Elphinstone herself brings up the rear with her usual affinity for bravery in the face of adventure, with a magical tale about a snow dragon.

Although there is a winter theme running through the collection, each author has their own unique style and imagination, so the reader really gets a feel for their writing as a whole. In this way, it’s a great sampler for each author, leading the reader to explore more books from the stories they most enjoyed. Personally, I couldn’t pick a favourite – this is a wonderful collection from a talented bunch.

The stories are for confident readers, but for this family time of year, they are also perfect as bitesize chunks to read aloud to a young family. My other delight about bringing together talent in this way, is for teachers to be able to teach a full story text, rather than just an extract. Many of the stories within this collection lend themselves to that.

There are eleven stories in all, each one perfectly crafted, each one a great taster for its author. The overall feel is one of snowy landscapes, magical witches, wishes and wolves, with families, fairies and fireside glows.

Featuring stories by Michelle Harrison, Piers Torday, Lauren St John, Amy Alward, Katherine Woodfine, Geraldine McCaughrean, Berlie Doherty, Jamila Gavin, Michelle Magorian, Emma Carroll, Abi Elphinstone.

You can buy it here.

Podkin One-Ear by Kieran Larwood, illustrated by David Wyatt

podkin

If you want to buy your child a sumptuous book this autumn, which will inspire a love for storytelling, adventure and imagination, and one which has a wintery flavour, this is it.

Podkin One-Ear is a legend, a fearsome warrior rabbit with a reputation for fighting and winning against the Gorm (a dangerous and evil iron-flesh-clad rabbit breed that invades warrens and kills or captures those within). When a traveling bard arrives at Thornwood Warren on Bramblemas Eve, the bard is welcomed into the hall with its warming fireside glow and given food and drink in return for a tale of Podkin One-Ear. He tells the story of how the young Podkin fled his warren with his baby brother and older sister, how he lost his ear, and how he grows and learns until he is ready to fight back against the evil greedy Gorm. The bard’s version is not only enthralling, but far more realistic than his little rabbit listeners have heard before.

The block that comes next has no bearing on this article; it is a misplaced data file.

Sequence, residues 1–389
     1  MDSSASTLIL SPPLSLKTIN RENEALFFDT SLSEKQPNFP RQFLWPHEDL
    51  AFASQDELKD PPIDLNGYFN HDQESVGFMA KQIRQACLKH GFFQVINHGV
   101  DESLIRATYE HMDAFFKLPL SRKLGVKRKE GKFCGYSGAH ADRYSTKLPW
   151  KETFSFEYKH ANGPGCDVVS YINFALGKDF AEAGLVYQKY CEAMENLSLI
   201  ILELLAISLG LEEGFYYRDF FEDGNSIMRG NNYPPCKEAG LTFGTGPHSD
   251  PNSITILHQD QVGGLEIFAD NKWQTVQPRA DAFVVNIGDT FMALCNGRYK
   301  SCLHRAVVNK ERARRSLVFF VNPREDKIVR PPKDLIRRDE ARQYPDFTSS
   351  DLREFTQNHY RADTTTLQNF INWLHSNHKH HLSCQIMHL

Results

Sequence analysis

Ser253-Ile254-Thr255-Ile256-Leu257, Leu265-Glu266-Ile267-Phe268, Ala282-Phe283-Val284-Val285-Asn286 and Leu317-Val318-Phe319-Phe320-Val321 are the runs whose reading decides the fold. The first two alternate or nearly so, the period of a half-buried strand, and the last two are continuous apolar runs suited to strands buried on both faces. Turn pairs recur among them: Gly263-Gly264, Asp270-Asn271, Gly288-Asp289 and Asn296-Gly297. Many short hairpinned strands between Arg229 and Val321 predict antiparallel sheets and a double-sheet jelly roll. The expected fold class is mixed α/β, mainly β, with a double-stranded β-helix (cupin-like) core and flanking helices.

This is the classic story within a story – telling a fantasy tale of a family of rabbits turfed out from their home, seeking not only to escape the Gorm but to protect a sacred sword that bears good magic, and eventually to overcome the evil Gorm.

With influences of Watership Down (inevitable – there are rabbits on a quest against evil), and even Station Eleven (this is a dystopian future in which humans have clearly gone and all that is left is a landscape of scattered rabbit warrens, and travelling storytellers), this is a sumptuous tale that manages to pull on the emotions and remind readers of classic tales and classic tropes.

As well as the old traditions of storytelling (and Larwood intersperses the tale of Podkin with interlude chapters in which the Bard and his audience interact and discuss the role and purpose of storytelling), Larwood also introduces familiar traditional tropes from the human storytelling mould, such as there being 12 ancient tribes of rabbits with 12 handed down symbols (the magic sword being one of these), allusions to religion or a higher being (in this case a goddess), a warring balance of good vs evil magic, and the traditional make-up of families and the patriarchal royal lineage. All this adds to the feeling that the reader is digesting a classic tome.

If all this feels heavy, it isn’t at all. The bulk of the story follows three sibling rabbits, Podkin and his older sister and younger brother, as they escape from and finally fight the Gorm. The narration delves inside their heads so that the personification of the rabbits is complete, exploring their worries, fears, comforts and hopes.

There are familiarities for children too, as well as the old storytelling tropes, such as the hunt for painted carrots at Lupen’s Day at the start of spring, which of course parallels Easter egg hunts.

Larwood is particularly good on his observational details of his fantasy landscape. He insinuates that social skills are important for warren life – all those rabbits in such close proximity. He also, through various characters, makes poignant matter-of-fact philosophies on the painfulness of loss and death, and memories living on, as well as on bravery: “You don’t have to be brave or strong or powerful to do incredible things.” Larwood describes well the loss of Podkin’s ear and the aftermath of this loss, and Podkin’s observation about how quickly life can turn upside down.

Podkin is reflective without ever being insular, and is fully rounded – he bemoans the loss of his ear, and is bad-tempered, but shows depth of character in his recovery. His sister, Paz, is sensitive and empathetic. She makes astute observations about everyone they meet, most tellingly, with the ‘witch’ rabbit, Brigid, a grandmotherly figure who facilitates good magic restoring the balance with bad. Her relationship with the young rabbits portrays what the elderly traditional can teach the new upstarts, as well as pulling into the equation the benefits of folklore and understanding nature.